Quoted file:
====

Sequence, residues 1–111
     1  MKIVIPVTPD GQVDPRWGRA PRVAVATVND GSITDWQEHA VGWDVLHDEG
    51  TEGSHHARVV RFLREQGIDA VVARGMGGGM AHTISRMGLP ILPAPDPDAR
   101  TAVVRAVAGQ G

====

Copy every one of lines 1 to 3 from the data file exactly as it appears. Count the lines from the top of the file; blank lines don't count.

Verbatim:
Sequence, residues 1–111
     1  MKIVIPVTPD GQVDPRWGRA PRVAVATVND GSITDWQEHA VGWDVLHDEG
    51  TEGSHHARVV RFLREQGIDA VVARGMGGGM AHTISRMGLP ILPAPDPDAR